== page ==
The Conservatives used their tough-on-crime agenda to launch an attack website against former provincial court judge and star NDP candidate Carol Baird Ellan in the Burnaby North – Seymour riding this week, inviting the public to judge Baird Ellan’s past legal decisions.
On youbethejudge.ca, the Conservative campaign features three of Ellan’s judicial decisions in cases, including a child sexual abuser and child pornographer, highlighting sentences the Tories describe as soft on crime.
Those include a two-year jail sentence Baird Ellan handed an 86-year-old North Vancouver man in 2010 for past sexual abuse of his two granddaughters.
The site then encourages those who find the sentence too lenient to enter their contact details into a Conservative campaign data collection system.
Mike Little, the Conservative candidate and former District of North Vancouver councillor, said Baird Ellan’s record on the bench is something the public should know about.
“There are a lot of decisions I think the public would be surprised at how lenient she was on the perpetrators,” he said. “Our top priority is naturally going to be to keep our children safe,” he said. Little said for that reason, the Tories chose to outline areas where young victims were “not protected by the justice system.”
The website pointed to one 20-year-old decision where Baird Ellan handed an additional one-day sentence to a man who’d spent 51 days in jail for exposing himself to children for the 22nd time.
Little contrasted that with the Conservatives’ record in bringing in laws that increased minimum sentences for sex crimes against children.
“We just think this is something we need to be discussing,” he said.
Baird Ellan said the website “appears to be a sign of desperation.”
She said the website presents an over-simplification of her decisions as a judge by taking them out of context and not mentioning legal precedents that bind judges’ decisions.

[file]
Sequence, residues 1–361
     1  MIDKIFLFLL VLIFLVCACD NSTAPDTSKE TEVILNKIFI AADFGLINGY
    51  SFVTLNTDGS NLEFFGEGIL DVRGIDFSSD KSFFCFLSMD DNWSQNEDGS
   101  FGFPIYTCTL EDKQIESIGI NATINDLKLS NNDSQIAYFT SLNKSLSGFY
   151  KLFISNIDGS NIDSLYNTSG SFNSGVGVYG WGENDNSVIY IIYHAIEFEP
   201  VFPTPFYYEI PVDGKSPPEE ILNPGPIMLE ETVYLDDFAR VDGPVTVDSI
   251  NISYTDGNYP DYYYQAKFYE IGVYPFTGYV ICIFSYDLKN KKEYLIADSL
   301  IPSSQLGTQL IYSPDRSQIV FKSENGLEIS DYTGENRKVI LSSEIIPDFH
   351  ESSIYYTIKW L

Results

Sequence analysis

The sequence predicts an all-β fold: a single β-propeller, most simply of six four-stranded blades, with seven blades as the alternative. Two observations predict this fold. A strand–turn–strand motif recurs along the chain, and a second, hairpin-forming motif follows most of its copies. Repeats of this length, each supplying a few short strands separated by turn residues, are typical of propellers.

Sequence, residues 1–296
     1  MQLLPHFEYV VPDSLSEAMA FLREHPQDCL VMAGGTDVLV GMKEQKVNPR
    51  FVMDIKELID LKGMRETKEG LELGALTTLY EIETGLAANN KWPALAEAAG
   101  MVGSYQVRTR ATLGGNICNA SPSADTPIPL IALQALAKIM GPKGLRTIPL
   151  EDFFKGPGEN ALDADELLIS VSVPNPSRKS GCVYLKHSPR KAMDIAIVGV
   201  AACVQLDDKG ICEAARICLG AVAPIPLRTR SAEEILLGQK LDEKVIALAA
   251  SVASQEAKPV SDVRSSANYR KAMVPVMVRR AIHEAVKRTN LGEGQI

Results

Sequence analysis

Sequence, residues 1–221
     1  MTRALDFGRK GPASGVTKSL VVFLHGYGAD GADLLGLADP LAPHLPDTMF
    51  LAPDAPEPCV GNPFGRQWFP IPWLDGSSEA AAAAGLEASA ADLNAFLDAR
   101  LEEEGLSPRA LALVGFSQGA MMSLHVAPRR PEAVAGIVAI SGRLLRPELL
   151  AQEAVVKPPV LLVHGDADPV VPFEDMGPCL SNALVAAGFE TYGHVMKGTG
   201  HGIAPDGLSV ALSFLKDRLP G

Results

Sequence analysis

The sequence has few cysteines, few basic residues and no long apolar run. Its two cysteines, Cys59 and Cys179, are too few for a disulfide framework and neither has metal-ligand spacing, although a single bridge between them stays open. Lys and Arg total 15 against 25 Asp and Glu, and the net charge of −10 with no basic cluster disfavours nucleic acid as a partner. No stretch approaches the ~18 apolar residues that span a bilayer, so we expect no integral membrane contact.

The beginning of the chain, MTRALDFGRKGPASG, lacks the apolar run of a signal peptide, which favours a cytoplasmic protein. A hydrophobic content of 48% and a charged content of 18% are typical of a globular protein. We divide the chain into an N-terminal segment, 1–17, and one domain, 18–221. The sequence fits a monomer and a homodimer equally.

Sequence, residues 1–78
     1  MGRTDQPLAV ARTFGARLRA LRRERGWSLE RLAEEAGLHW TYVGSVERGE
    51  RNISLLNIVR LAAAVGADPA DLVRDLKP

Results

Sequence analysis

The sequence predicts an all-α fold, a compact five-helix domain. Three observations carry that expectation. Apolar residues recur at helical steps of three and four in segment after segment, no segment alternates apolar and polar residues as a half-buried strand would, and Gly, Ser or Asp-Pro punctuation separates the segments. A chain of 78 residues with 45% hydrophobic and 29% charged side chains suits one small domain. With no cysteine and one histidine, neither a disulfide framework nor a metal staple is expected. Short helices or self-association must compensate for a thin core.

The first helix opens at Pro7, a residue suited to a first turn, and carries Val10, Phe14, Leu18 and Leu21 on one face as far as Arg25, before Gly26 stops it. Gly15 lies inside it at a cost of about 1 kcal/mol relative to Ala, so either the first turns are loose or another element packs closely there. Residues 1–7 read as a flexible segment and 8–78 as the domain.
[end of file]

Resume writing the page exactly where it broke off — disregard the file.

“None of these cases were appealed,” she said. “Two of the things I was passionate about as a judge were justice and fairness.”
Baird Ellan pointed to NDP leader Tom Mulcair’s promise to hire an additional 2,500 police officers as key to public safety.
“The police on the ground are the ones who are doing law enforcement,” she said.
She added ensuring resources for mental health is another key to crime prevention.
Max Cameron, a political scientist at the University of British Columbia, said the attack website appears designed to motivate the base of Tory support in the Burnaby North – Seymour riding, who are more likely to “get riled up over issues of crime and justice.”
Cameron said taking on Baird Ellan’s decisions continues a Tory pattern where “they haven’t hesitated to very publicly criticize the courts for decisions that have been made.”
Liberal candidate Terry Beech said the Tory attack website is “certainly not the type of campaign that I want to run.”
“If I was Mike Little I’d be ashamed for using that tactic,” he said.
Cameron said the fact parties are starting to pull the gloves off is a sign of a tight race in the newly created riding.
“It’s a battleground riding that both the NDP and Conservatives want,” he said, adding campaigns are “going to get a lot nastier” the closer it gets to Oct. 19.